Would you like to comment on your new role as the ambassador to Slovakia?

“I was pleased by the offer to become the ambassador to the Slovak Republic and I was happy to accept it. I have been carefully and systematically preparing for my task. I believe that I will make use of not only my knowledge and experience, but also of everything I have learnt during my very intensive internship at the Ministry of Foreign Affairs, and that I will be able to enhance the extraordinary mutual relationship between the Czech Republic and the Slovak Republic. I do not like talking about my work theoretically. I wish my actions and results to speak for me.”

What barriers must be overcome in order for the Czech Republic to develop both economically and socially? In your opinion, is the country strong enough for that?

“I am convinced that the Czech Republic meets conditions for both.”

Can you imagine starting a career as a freshly graduated economist today? What would pose the greatest difficulties?

“This question is very hypothetical. I can imagine that my options and opportunities would be substantially broader than at the time when we did not choose our first job as it used to be assigned to us. These days, university studies and preparation of students for life and future career differ substantially from what I experienced during my studies. There are more career opportunities; however, the pressure of competition has grown as well.”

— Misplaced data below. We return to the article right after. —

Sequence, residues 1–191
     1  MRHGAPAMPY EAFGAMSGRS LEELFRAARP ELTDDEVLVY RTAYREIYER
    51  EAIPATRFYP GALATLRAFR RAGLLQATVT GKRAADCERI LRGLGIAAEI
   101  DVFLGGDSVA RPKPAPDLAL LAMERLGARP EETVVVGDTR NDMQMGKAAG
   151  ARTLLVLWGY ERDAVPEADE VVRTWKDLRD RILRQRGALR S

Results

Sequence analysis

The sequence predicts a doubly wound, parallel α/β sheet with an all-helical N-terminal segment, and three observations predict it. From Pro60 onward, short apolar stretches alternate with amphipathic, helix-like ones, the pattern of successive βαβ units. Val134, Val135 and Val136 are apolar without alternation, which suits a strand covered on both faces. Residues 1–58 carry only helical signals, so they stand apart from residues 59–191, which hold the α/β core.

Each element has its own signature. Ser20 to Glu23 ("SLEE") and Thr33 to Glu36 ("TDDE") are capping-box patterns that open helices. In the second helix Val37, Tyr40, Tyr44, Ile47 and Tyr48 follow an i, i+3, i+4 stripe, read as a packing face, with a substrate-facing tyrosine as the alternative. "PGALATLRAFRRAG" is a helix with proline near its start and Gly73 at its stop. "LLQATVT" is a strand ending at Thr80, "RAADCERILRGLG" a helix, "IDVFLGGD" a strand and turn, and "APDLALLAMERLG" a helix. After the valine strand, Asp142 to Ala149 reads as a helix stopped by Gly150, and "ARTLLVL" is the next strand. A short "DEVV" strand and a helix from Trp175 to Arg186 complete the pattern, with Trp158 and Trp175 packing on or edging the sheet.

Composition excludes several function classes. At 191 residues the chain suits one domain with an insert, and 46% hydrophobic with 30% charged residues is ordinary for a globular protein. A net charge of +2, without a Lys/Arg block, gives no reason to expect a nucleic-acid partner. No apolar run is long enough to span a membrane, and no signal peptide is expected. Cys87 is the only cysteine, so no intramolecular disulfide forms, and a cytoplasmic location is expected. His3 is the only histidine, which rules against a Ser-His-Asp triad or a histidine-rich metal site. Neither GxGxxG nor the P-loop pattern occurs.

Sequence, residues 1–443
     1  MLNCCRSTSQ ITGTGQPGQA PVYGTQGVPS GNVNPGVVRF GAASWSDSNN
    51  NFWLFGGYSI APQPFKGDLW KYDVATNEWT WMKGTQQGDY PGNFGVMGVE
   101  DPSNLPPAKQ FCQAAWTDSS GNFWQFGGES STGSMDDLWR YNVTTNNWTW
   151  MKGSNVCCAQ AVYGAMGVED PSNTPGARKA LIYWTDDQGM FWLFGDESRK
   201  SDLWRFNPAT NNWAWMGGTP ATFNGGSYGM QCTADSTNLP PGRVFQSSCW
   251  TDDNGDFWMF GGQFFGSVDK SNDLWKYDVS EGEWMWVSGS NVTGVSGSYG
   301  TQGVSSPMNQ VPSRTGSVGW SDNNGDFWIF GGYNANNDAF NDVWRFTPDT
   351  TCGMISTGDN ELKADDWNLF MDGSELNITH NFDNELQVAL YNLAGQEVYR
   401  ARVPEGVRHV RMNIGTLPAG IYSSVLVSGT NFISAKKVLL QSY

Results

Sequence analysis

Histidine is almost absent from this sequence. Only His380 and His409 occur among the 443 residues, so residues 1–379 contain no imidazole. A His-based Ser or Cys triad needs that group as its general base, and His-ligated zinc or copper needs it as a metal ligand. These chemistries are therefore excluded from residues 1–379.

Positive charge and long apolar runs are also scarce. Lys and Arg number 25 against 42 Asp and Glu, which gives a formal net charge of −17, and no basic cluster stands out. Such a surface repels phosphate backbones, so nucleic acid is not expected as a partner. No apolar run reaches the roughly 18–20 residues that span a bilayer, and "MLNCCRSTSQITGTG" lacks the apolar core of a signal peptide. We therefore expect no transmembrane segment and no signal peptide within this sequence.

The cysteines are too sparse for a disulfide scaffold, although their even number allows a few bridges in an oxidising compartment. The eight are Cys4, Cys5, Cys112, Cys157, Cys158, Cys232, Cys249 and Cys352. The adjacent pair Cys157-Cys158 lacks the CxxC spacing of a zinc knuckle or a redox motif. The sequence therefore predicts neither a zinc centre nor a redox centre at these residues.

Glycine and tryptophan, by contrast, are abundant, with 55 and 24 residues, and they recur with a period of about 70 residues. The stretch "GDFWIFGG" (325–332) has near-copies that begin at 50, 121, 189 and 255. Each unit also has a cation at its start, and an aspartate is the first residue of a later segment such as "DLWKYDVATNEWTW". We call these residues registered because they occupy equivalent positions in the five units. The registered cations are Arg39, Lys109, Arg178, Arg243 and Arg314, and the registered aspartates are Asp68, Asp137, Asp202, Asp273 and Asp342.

How do you perceive your current placement in the list of the 50 most powerful Czech women published by the Forbes magazine? How did people around you react to that?

“I was pleased to find that I was included in the list together with many women whom I deeply respect. I received some congratulations on my position in the list, but most people around me did not react to it in any significant way.”

In your opinion, what is the main prerequisite for a successful career? Ideas, personality, leadership?

“In my opinion, the main prerequisites are knowledge, hard work, motivation and ability to cooperate with others.”

Many of our readers surely remember the splendid social events held at the Prague Castle under your auspices. Don’t you miss the opportunity to host such – in many ways beneficial – events?

“I took great pleasure in organizing all the events that you have mentioned. They were connected to my then role of the president’s wife. I established a new tradition of inviting foreign female ambassadors and foreign male ambassadors’ wives, as well as Czech female ambassadors and foreign male ambassadors’ wives to Lány. Furthermore, I invited political representatives’ wives, as well as representatives of foundations and endowment funds. Delightful annual events include the reception of multiple blood donors or finalists of the Zlatý Ámos competition for best teachers at the Prague Castle and many other occasions. I am glad that some of these gatherings will continue also under the auspices of the new first lady.”

Source: Leaders Magazine - - Jaroslav Kramer